Editor’s note: Two expats living in Vietnam have expressed their thoughts in response to a call by Tuoi Tre News following the proposal of a code of conduct for public servants in Ho Chi Minh City.
According to the proposal, a dress code for male public servants would be a shirt, trousers and no jeans or T-shirts, while female workers would be required to wear an ao dai, the Vietnamese traditional dress, trousers, suits, or knee-length skirts.
Public servants are also expected to use polite and clear language and not shout at people or use slang while working with residents.
They would also be required not to consume alcohol either at work or during break times or to smoke at their workplace.
Additionally, under the proposal, while at work they would not be allowed to wear headphones, listen to music, play computer games, use electronic devices for personal purposes or to access websites unrelated to their work or responsibilities.
During my 14 months in Vietnam so far, I haven't had any bad experiences with public servants. However, I think the proposed code of conduct for Ho Chi Minh City is very reasonable. It's important to be professional at all times when you are representing a respected institution or establishment.
It's important for public servants to be courteous and professional, especially when in contact with foreigners or expats, because their actions, however good or bad, will leave a lasting impression not only on the specific agency or institution, but also on the country.
When I lived in England, I worked as a police officer. There is a very strict code of conduct on how to behave and conduct yourself during your duties as an officer. These rules varied from having to be well-dressed in uniform, clean shaven and have no visible tattoos, to keeping your beliefs, opinions, and personal lives separate from your role. Above all else, it was important to remember that in your job, you were representing an institution, not just yourself as an individual, so you were expected to mainatain a high standard of professionalism and respect towards all people.
It's very common for public servants of all varieties in England to follow a specific code of conduct. The duties of public servants are important in every society. Their day-to-day job involves contact and interaction with members of the public, so it's important that workers maintain a high level of professionalism and respect towards all others. A dress code is important because it represents cleanliness. Moreover, the prohibition of electronic devices for personal use prevents lazy workers and encourages hard work. Rules and codes of conduct are set in place to ensure a job is done to the highest standard.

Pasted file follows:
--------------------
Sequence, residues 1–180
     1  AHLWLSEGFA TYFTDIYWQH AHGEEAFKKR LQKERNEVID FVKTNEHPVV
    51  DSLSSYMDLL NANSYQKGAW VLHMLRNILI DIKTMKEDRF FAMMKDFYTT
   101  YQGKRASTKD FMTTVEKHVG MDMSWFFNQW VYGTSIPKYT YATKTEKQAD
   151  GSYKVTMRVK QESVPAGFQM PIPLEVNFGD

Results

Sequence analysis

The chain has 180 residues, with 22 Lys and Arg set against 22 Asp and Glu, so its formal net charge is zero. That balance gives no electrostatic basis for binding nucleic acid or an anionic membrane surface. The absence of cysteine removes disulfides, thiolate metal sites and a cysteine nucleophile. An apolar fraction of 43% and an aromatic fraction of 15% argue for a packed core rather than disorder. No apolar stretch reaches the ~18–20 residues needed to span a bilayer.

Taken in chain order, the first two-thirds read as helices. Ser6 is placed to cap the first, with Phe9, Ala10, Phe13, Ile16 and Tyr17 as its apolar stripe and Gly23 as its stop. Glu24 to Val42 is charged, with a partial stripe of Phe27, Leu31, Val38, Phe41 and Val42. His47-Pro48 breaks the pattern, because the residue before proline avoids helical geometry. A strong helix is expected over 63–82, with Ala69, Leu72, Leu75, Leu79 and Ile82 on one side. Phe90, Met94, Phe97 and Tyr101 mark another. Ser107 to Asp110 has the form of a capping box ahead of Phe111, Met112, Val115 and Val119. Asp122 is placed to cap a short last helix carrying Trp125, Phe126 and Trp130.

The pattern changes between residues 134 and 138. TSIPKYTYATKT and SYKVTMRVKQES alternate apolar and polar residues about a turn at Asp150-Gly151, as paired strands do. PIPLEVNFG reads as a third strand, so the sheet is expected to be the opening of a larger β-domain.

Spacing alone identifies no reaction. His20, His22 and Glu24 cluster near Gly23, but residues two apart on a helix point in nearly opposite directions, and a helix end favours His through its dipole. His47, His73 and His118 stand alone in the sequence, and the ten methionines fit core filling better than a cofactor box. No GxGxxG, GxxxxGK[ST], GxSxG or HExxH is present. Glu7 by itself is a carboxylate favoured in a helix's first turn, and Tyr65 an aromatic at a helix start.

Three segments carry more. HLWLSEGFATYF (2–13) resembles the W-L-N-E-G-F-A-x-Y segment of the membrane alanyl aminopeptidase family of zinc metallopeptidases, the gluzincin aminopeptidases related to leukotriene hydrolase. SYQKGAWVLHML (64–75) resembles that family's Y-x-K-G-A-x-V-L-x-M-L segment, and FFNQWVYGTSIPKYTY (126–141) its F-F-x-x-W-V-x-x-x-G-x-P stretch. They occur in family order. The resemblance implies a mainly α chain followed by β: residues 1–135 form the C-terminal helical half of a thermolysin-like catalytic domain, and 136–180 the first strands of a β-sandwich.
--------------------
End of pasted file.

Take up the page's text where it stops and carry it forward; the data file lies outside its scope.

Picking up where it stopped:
Moreover, I think when someone is happy and enjoys their working environment, they do a much better job. As well as setting a strict code of conduct to improve quality, the government should also listen to the opinions of the workers and take into account their wishes; for the benefit of everyone involved.
Jake Mallalieu from England
Singapore already does the same
It should be done. In my country, our government is very particular about the conduct of its civil servants. Civil servants represent the government, so their performance reflects the capability of the government. Besides, it's the citizens who pay for the salaries of civil servants, so they should serve the people well.
Most of the conduct stated in Ho Chi Minh City’s proposal is very what we are already practicing in Singapore.
The number-one principle that my government emphasizes is zero tolerance for corruption. Any civil servant involved in corruption is dealt with severely, they must pay fines, have their job taken away from them and then spend time in jail.
In my opinion, a civil servant should treat all citizens with the same respect without bias. They should be fair to all citizens without discrimination. They should also make sure that the information that they give to the public is correct.
To improve the quality of their work, you have to employ civil servants based on their capabilities and skills. There shouldn’t be nepotism. Pay them well to prevent corruption and give them the opportunity to improve themselves and be promoted.
Basically, people will be motivated to do a good job when they like what they are doing and take pride. Of course, they must also earn enough to support their families and reach a decent standard of living.
Living in Vietnam, I have encountered some problems with police and hospital staff. Some of the staff's knowledge is not good. For example when my wife went for a pregnancy check-up, we were surprised that the junior doctor knew little about Thalassemia. As for the police, they only seem to take care of their specialized area. When one is on leave, nobody else can process the documents. This is something that I find unacceptable. If a staff member is on leave, another should be able to take over the job. There have been a few occasions whereby my wife couldn't get documents stamped or collect stamped documents because the particular officer in charge was not around. In my country, when one is absent, another can do the job.
John Lim from Singapore